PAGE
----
Indo Portuguese Embroidery
Indo Portuguese Embroidery
Indo Portuguese Embroidery
Indo Portuguese Embroidery

Indo Portuguese Embroidery
First half 17th c

A piece (B) from a colcha (coverlet or quilt) is a fine example of this type of embroidery produced in Satgaon, the mercantile capital of Bengal, from the mid-16th to the mid-17th century. The cotton fabrics are embroidered with Tussar silk, which is naturally yellow-coloured, and grows wild in Eastern India. Coverlets were at first only used as diplomatic gifts or souvenirs for wealthy travellers, the commercial opportunity of selling colchas to wealthy Europeans was soon capitalised on by Portuguese traders, and many colchas were commissioned by them for their domestic market (Karl, op. cit. p. 439). Since design ideas for these embroideries would be supplied by the merchants, the colchas often portray a fascinating mix of western and eastern motifs, and frequently combine both mythological and Biblical iconography.





The border  section of tussar silk with delightful repeating design of alternating pairs of rabbits? and birds flanking branches of flowering shrubs, all in back stitch on a natural cotton ground, the main field with a repeating star design 2 14 in; 6 cm diameter amongst smaller stars, the edge with a needlelace trim.

17 x 51/2 -7 in; 43 x 14 -18 cm


Very good.


Comparable museum examples of these Portuguese commissioned Indian produced Colchas, of this design type and period can be found in the Museu Nacional de Arte Antiga, Lisbon (no. 3692 & no. 3413), the British Museum, London (no. 2000,1213,0.1), the Metropolitan Museum of Art, New York (1970.173, 1975.4 & 34.104.1), and the Isabella Stewart Gardner Museum, Boston, (T20e4), which is an example with comparable motifs albeit in white on a blue ground.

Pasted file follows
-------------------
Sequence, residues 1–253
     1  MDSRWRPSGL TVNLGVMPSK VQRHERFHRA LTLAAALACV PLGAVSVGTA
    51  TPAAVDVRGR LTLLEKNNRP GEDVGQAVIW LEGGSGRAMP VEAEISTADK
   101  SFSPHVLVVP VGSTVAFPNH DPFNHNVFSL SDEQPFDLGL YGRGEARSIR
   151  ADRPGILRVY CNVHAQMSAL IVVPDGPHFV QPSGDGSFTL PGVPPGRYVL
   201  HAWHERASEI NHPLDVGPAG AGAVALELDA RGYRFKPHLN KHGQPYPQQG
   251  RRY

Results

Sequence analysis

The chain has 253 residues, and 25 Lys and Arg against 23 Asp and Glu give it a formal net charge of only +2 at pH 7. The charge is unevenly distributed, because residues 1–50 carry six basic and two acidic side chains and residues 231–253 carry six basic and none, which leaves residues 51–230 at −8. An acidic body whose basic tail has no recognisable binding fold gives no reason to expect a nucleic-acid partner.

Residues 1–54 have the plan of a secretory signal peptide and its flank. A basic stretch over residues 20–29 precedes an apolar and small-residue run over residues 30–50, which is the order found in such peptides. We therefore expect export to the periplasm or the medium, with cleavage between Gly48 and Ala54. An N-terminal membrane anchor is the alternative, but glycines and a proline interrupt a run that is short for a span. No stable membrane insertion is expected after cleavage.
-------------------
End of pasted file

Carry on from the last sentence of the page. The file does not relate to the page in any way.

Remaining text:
Embroidered Histories: Indian Textiles for the Portuguese Market during the Sixteenth and Seventeenth Centuries by Barbara Karl (2016)

J. Irwin, Indo-Portuguese Embroideries of Bengal. Art and letters. Journal of the Royal India, Pakistan and Ceylon Society. Vol. XXVI, No. 2, 1952, pp. 65-73; M. J. de Mendonca, Embroidered quilts from the Museu Nacional de Arte Antiga Lisboa, exh. cat. Kensington Palace, London, 1978, no. 6; B. Karl, The Narrative Scheme of a Bengal Colcha Dating from the Early 17th Century Commissioned by the Portuguese, Textile Society of America Symposium Proceedings, Lincoln, Nebraska, 2006, pp. 438-448; R. Crill, 'The earliest survivors? The Indian embroideries at Hardwick Hall', in R. Crill, (ed.), Textiles from India: the Global Trade. Calcutta, 2006, pp.245-260; T. P. Pereira and C. Serrano, Indian embroideries for the Portuguese market, end of 16th century/beginning of 17th century, The Textile Collection of the Museu Nacional de Arte Antiga, Lisbon, 2007; A. Peck (ed.) Interwoven Globe, The Worldwide Textile Trade, 1500-1800, Metropolitan Museum of Art, New York, 2013

L' étoffe du relief. Quilts, boutis et autres textiles matelassés by Alexandre Fiette p 38/9.



Price: £200 | $250 | €230

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